Car maker Nissan Motor said it would restart operations at a plant in Japan as it pressed on with efforts to repair damage and organise deliveries from suppliers after a devastating natural disaster.
Japan is battling growing nuclear and humanitarian crises after a massive earthquake and tsunami struck on Friday and the disaster is expected to have far-reaching consequences for the automotive industry both in Japan and abroad.
Nissan said it would resume production on Thursday March 17 and Friday March 18 at its Kyushu plant while supply inventory lasted. Operations after Saturday March 19 were yet to be decided, Nissan said.
"Although all plants, except for the Iwaki engine plant, have been able to repair some damaged facilities and/or equipment, it is still taking time to arrange delivery of parts from our suppliers," Nissan said in a statement.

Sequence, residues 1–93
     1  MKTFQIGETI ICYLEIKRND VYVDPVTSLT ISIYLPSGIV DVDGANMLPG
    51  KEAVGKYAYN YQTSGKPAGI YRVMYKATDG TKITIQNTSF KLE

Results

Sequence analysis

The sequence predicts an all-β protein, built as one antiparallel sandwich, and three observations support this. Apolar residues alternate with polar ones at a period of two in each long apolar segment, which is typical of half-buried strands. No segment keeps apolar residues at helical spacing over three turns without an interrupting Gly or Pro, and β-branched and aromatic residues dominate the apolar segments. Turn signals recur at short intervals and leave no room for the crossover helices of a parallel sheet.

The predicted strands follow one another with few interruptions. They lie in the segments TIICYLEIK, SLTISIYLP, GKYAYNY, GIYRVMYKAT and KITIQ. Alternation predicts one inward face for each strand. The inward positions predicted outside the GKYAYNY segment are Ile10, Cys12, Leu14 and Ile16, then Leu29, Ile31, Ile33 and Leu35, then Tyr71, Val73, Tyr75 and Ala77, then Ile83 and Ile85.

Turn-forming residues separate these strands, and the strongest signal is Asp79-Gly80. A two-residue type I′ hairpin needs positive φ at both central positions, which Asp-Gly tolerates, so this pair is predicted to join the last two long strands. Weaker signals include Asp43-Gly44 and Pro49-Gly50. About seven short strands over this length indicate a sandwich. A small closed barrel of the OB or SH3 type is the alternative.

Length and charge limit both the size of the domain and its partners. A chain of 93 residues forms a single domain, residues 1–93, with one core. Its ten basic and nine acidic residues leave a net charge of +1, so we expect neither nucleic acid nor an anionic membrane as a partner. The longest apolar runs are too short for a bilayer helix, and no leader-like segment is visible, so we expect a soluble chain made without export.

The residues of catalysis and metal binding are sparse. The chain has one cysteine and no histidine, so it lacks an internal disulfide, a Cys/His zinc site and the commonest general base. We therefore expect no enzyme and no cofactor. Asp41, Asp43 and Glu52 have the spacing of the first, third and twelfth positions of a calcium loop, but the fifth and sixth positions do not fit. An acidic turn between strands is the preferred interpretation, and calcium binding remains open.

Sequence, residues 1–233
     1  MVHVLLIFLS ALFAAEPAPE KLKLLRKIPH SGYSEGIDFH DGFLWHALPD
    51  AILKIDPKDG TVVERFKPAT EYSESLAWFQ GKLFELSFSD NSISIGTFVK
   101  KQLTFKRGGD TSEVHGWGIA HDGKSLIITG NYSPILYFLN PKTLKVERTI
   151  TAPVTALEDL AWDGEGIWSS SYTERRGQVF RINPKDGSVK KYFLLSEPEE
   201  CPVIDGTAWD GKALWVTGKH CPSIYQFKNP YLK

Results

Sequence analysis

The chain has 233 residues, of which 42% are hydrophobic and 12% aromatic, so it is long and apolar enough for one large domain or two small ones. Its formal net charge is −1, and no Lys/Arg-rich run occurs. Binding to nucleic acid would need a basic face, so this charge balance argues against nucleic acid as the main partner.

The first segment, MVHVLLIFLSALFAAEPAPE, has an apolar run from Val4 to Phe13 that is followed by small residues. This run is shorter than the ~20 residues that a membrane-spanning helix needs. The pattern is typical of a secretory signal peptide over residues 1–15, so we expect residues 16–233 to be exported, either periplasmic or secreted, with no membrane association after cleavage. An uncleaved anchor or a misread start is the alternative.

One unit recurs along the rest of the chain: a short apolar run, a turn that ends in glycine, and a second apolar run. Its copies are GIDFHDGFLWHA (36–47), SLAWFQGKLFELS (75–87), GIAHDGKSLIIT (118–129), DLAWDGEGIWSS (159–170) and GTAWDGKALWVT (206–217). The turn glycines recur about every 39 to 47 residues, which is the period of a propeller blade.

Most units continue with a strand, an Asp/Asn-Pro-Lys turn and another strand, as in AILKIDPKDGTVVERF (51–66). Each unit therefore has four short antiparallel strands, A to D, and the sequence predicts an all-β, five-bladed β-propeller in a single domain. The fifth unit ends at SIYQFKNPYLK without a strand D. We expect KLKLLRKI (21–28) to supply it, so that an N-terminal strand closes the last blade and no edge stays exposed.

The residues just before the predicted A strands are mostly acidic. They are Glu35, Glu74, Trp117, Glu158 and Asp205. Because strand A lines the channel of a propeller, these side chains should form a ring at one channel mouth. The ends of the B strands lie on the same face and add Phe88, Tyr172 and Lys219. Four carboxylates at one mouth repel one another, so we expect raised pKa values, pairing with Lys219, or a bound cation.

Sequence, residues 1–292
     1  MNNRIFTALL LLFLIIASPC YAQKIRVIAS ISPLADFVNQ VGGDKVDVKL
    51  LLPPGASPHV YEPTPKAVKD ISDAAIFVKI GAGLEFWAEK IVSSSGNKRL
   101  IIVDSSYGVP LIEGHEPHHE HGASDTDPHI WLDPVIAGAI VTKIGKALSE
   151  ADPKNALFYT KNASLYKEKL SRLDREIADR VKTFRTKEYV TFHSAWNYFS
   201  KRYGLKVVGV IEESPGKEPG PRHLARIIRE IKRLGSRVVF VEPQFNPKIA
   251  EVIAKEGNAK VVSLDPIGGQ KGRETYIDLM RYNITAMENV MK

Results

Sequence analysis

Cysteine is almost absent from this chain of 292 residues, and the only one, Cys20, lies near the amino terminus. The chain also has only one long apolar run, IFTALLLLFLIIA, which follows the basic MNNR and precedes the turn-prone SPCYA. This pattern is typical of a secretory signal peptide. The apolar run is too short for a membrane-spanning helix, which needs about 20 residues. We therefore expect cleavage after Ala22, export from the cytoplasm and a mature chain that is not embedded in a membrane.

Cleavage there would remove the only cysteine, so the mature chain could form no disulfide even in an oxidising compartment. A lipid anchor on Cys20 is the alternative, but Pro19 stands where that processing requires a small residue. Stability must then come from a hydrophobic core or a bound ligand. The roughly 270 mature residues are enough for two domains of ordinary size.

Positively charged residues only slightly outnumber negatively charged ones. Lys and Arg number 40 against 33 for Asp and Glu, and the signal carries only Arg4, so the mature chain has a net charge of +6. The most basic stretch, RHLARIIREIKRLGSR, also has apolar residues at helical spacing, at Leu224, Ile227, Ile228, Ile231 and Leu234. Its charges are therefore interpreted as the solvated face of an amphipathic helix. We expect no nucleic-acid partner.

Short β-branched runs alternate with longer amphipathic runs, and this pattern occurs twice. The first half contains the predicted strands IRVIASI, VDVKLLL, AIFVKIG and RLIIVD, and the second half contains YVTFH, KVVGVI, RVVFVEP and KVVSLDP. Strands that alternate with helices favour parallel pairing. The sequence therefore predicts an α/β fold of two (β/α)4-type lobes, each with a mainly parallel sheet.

"As for the Iwaki engine plant, with aftershocks still heavily impacting the region, restoration activities are expected to take longer than at other plants," it added.
Operations at its Oppama, Tochigi and Yokohama and Nissan Shatai plants were suspended until March 20.
Parts maker JATCO's Fuji and Fujinomiya plants had also suspended operations, Nissan said, adding that damage to buildings and equipment was being assessed.
Major car makers, which include Nissan, Toyota Motor and Honda Motor were forced to halt production after the disaster struck.
Toyota's 12 local assembly plants are suspended until March 22 while Honda's are idle until March 20.
Nissan said it had no current plans to repatriate foreign employees but was working with each employee "regarding their own personal choices and fully respected their decision to stay or leave."
It had confirmed the safety of all expatriate employees in Japan, it said.